By Mariah McCooey–A couple of North Beach residents are putting their money where their mouths are when it comes to environmental sustainability. Meredith Adams and Lars Erickson are both living off the power grid in the small beachside community near the Whale Bone museum, and they are experimenting with bio-diesel fuel.
You could be forgiven for mistaking their operation for the lab of a mad scientist. A shed full of jerry cans, kegs, and buckets as well as several unrecognizable contraptions is where they are cooking up bio-diesel, which will be used to power their diesel-engine vehicles.
Bio-diesel, interchangeable with regular diesel, is extracted from vegetable oil – in this case, waste vegetable oil from the deep fryers of local restaurants. Ms Adams said that they have been stockpiling used oil for months, from John’s CafÃ© and Howlers in Queen Charlotte. The oil used to cook your calamari, formerly destined for the dump, could now potentially be used to fuel vehicles.
“The guy who invented the diesel engine intended for it to be a multi-fuel engine,” said Mr. Erickson. “Everyone’s talking about hydrogen cars, electric carsÂ… but it’s so abstract, way in the future. This exists right now, and people can do it.”
A 20-percent bio-diesel mix, or “B-20”, is available at the pumps already in many places, including Australia and parts of Europe, where diesel vehicles are more common.
The exhaust from a vehicle burning vegetable oil is infinitely cleaner than the stuff that’s usually spewing out of your car. (“It smells like burning French fries,” said Mr. Erickson). There’s no sulfur dioxide, less soot, and it also creates what’s called a ‘neutral carbon cycle,’ explained Ms Adams. The carbon in petroleum, drawn up from deep in the earth and then released into the atmosphere is what’s causing an imbalance, leading to the greenhouse effect. On the other hand, growing plants naturally absorb carbon from the atmosphere, and when burned, they give off the same amount of carbon that they consumed – hence, “neutral.”
“I had a Pathfinder,” said Ms Adams, “but I was dissatisfied that me buying gas was contributing to so many problems, worldwide.” Using bio-diesel kills – er, saves? – four birds with one stone. Not only are the two recycling a waste product, keeping sludge out of the landfill, and polluting less – if it all goes as planned, they’ll be saving a bundle on fuel costs. They have to buy a few things to make it work, but with everything factored in, the net cost is about 27 cents a litre.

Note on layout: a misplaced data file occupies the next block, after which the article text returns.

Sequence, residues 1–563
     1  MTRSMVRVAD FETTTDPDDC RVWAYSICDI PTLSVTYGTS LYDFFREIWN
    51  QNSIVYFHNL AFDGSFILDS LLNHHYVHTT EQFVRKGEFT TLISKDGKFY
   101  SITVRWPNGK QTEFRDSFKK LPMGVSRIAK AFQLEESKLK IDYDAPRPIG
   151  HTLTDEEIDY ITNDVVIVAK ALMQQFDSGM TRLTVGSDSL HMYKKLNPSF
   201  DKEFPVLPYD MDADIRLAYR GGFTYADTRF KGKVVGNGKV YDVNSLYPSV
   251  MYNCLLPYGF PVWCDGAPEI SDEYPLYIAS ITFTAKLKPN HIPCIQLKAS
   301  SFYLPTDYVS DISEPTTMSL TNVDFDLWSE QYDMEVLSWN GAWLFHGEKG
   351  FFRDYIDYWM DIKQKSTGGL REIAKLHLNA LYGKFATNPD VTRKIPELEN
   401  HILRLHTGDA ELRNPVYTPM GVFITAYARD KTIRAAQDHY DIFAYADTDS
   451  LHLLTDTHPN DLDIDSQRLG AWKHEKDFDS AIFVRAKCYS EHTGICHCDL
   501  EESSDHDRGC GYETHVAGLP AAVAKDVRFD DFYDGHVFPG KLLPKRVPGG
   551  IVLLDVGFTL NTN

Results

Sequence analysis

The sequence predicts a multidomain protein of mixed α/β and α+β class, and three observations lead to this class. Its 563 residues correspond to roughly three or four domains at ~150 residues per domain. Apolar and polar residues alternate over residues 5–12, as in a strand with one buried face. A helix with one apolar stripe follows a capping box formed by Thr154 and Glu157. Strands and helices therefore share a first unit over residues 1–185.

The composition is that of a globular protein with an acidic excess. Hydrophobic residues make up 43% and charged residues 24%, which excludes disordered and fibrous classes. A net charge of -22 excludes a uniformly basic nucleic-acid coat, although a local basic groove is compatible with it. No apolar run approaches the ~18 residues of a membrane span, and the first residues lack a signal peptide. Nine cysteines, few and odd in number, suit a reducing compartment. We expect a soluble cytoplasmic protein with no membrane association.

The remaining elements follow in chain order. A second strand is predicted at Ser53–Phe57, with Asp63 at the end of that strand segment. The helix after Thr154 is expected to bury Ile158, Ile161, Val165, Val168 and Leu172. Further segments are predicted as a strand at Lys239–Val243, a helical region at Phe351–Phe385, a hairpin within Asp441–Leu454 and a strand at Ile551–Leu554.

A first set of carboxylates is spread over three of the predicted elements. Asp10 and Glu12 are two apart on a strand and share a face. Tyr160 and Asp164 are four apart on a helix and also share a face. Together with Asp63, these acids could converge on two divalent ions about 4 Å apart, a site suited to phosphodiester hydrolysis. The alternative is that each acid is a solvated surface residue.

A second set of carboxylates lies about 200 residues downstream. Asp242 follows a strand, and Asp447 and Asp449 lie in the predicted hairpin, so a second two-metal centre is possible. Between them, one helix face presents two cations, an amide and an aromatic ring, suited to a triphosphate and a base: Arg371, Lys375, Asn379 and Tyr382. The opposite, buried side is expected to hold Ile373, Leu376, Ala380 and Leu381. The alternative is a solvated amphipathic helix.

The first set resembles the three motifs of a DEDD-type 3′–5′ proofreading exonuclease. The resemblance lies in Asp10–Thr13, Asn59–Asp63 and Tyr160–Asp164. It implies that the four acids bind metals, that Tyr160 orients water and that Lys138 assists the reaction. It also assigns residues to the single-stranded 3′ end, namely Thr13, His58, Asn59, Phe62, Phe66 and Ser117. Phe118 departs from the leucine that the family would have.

The oil, they get for free – it’s considered garbage, after all. To turn it into bio-diesel, you have to separate the ester from the glycerin molecules, explained Ms Adams. First, it gets filtered to remove any chunks, and then it’s heated up (by wood power, of course) to boil any water off, and then cooled to a specific temperature. Next, they add a methanol/lye mixture. Then the concoction gets agitated for half an hour (using a souped-up paint shaker) followed by a settling period. Then, the purer liquid is siphoned off the top, and washed with water to remove the soapy residue. The by-product? A pretty nice glycerin soap.
“I used it to wash my hair the other day,” said Ms Adams, “it worked pretty well.” The whole thing is pretty responsible, she said. You can put it in your compost – it’s completely biodegradable.
But this production is just the beginning. Bio-diesel doesn’t require any mechanical modifications. But with a few adjustments and additions, a diesel engine can run on pure oil, which is their next goal. But the possibilities are endless.
“There’s a fish plant in Dutch Harbor, Alaska, that is powered by fish oil rendered from offal,” said Ms Adams. Another potential fuel source is algae – which is up to fifty percent oil.
In a related project, they are also building a windmill on the appropriately windswept North Beach dunes. A huge pole has been erected, with guy wires holding it in place. Soon, the colourful fish windsock at the top will be replaced by a whirling windmill, which will charge a battery bank at the base.
“Something’s got to give,” said Ms Adams, “the way things are now is just not sustainable – it’s high time.”
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